When “Rules” Are Broken
By William Faloon
Bypassing the Establishment
at age 77 from glioblastoma
multiforme (brain tumor).
Almost none of Israel’s military experts believed this kind of rocket defense could work. Enemy rockets of varying sizes fly erratically and rapidly hit nearby Israeli communities.
Drawing inspiration from other types of weapons defense systems, General Gold and his team in March 2005 agreed on a patched-together concept for what would become the Iron Dome.2
General Gold called up an Israeli weapons maker to head the project, bypassing required approvals from the military’s general staff, the defense minister, and the Israeli government. An audit by the Israeli state comptroller criticized this step, which led to years of heated condemnation of the project. If regulatory or criminal actions had been taken against General Gold, the highly controversial Iron Dome missile defense system would have likely never happened.
age 86 of vascular dementia.
General Gold disputed allegations that he broke rules, saying he simply sidestepped red tape. Said the General, “ I just canceled all the unnecessary bureaucracy…I left only the most crucial bureaucracy needed for success.”2
Another problem was that no one in government agreed to pay for the project. That left General Gold once again having to think outside the box. By using funds from his research budget and others in the private sector, he secured enough monies to cover early stage development costs.
Even after war with Hezbollah broke out in Lebanon, resulting in thousands of rockets being fired into northern Israel, the military establishment and Israel’s prime minister refused to divert government funds for Iron Dome.2
General Gold Breaks More Rules
at age 90 from Alzheimer’s
disease. © gettyimages.com
Without government funding, it is difficult to imagine a military project continuing. Instead of scaling back, General Gold directed a private Israeli defense contractor to begin full-scale development of the Iron Dome project when there was no order or appropriation to do so. According to the Israeli comptroller’s audit report, “ The directive was not under his (Dr. Gold’s) authority.”2
The defense contractor agreed that there was no legal basis to advance this system’s development and was quoted, “ But if you want to achieve something in a very short time…you have sometimes to bypass the bureaucracy.”2
The risk taken by General Gold and a handful of others paid off. The Ministry of Defense finally committed some funding to keep Iron Dome alive. (Government auditors later found the Ministry of Defense violated regulations by committing these funds without military or government approval for the project.)
Despite engineering miracles in the developmental process, Israel did not have the funding to quickly move Iron Dome forward. Israel sought out aid from the United States. After US military experts thoroughly reviewed the project, the American team concluded that, “This is something that cannot be done.”2,3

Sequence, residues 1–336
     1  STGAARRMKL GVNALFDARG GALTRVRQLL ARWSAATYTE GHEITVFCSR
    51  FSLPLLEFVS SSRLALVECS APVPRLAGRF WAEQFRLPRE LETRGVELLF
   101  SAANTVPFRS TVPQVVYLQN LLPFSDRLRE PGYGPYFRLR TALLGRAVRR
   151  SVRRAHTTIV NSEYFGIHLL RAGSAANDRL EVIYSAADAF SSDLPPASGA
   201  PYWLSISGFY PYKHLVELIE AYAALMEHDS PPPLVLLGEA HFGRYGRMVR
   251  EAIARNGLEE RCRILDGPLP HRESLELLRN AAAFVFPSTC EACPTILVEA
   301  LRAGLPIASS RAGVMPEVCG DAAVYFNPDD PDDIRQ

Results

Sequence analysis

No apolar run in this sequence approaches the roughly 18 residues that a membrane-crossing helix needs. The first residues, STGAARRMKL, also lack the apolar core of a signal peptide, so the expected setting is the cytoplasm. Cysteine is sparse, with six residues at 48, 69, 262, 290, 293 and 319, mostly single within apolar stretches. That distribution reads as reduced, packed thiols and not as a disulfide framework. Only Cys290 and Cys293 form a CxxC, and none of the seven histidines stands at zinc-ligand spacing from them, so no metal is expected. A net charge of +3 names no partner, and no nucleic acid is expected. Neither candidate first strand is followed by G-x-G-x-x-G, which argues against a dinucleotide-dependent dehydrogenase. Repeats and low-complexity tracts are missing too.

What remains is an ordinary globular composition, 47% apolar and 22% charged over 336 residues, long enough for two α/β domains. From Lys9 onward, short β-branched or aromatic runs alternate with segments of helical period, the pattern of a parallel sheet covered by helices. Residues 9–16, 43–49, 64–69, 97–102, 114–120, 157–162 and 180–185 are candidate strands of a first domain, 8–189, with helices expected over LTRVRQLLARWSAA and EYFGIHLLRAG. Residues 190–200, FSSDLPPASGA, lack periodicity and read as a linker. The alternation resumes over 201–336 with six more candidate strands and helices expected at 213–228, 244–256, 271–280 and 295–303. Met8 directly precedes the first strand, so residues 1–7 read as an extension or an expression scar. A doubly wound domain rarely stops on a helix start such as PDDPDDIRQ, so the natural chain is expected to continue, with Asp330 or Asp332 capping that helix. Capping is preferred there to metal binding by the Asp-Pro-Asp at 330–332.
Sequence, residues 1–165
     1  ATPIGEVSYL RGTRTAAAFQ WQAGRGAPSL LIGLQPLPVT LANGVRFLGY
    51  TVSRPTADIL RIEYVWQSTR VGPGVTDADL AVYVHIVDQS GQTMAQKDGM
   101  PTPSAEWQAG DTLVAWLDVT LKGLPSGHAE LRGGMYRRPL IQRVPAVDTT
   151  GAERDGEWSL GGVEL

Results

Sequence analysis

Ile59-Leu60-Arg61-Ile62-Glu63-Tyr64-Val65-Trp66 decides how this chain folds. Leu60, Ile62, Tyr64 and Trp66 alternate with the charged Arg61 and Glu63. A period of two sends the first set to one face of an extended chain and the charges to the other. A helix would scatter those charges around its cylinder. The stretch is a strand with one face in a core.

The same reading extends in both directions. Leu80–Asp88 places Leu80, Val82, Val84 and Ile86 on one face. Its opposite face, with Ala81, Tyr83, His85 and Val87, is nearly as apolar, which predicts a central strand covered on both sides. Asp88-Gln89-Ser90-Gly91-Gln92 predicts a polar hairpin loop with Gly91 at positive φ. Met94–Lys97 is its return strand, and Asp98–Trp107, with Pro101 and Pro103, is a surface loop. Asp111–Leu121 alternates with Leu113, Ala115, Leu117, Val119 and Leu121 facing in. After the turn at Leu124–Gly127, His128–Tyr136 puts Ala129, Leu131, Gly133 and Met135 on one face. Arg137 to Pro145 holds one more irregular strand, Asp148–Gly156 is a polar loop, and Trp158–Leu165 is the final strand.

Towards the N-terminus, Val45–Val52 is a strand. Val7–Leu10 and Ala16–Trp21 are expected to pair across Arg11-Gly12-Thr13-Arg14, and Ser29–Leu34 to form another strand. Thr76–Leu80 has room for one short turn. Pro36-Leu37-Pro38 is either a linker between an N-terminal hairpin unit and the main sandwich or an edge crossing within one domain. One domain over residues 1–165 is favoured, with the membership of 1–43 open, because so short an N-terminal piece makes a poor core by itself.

Finally, the Israeli government became convinced enough to provide the first large cash infusion to Iron Dome with more funds likely to be appropriated later. This event, however, set off another attack against General Gold, mainly by rivals who feared losing out to the improved technology General Gold had expeditiously pushed through.
General Gold Investigated Again by Israeli Authorities
Reagan died at age 93 from
pneumonia after suffering systemic
degenerationbrought on by Alzheimer’s
disease. © gettyimages.com
In response to increasing recognition that General Gold had pioneered a breakthrough technology, Israel’s government auditors initiated a new investigation of the project and issued a report accusing General Gold of launching a billion-dollar project without the necessary approvals. According to the auditor’s report:
“Brigadier General Gold decided on the development of Iron Dome, determined the timetables and ordered predevelopment and full development before the relevant authorities had approved the project.”2
Fortunately for General Gold, Iron Dome was making rapid progress. A team of engineers assembled from across Israeli defense companies worked around the clock. Even pensioners were called out of retirement. In 2009, during the first field test, an Iron Dome prototype successfully intercepted an incoming rocket.2
United States Finally Recognized Iron Dome
The Pentagon sent a team of experts to Israel in late 2009 to reevaluate Iron Dome—a concept they earlier deemed as something “that cannot be done.”3
In its final report, the Pentagon team declared Iron Dome a success. Field tests showed it was hitting 80% of the targets, up from the low teens in the earlier US assessment. This prompted the United States to provide roughly $200 million in Iron Dome funding.2
Iron Dome went operational in March 2011. It shot down its first Palestinian rocket on April 7. Within three days it shot down eight more rockets. It wasn’t until the Gaza flare-up in late 2012 that Iron Dome made its mark on the public consciousness.2
The result was a quick ending to this conflict, where Iron Dome knocked down 421 rockets launched from Gaza and bound for Israeli cities, an 84% success rate, according to the Israeli military.2
Iron Dome limited Israeli casualties to six during the seven days of intense bombardment. As a result, there was markedly less political pressure on Israel’s decision makers to invade, and a cease fire was implemented.2
There would be no Iron Dome had General Gold not broken rules that enabled him to push the system’s development forward.
Regrettably, there are few heroes in the medical arena today willing to risk their personal liberty to bring these kinds of technological breakthroughs to those dying of chronic degenerative diseases.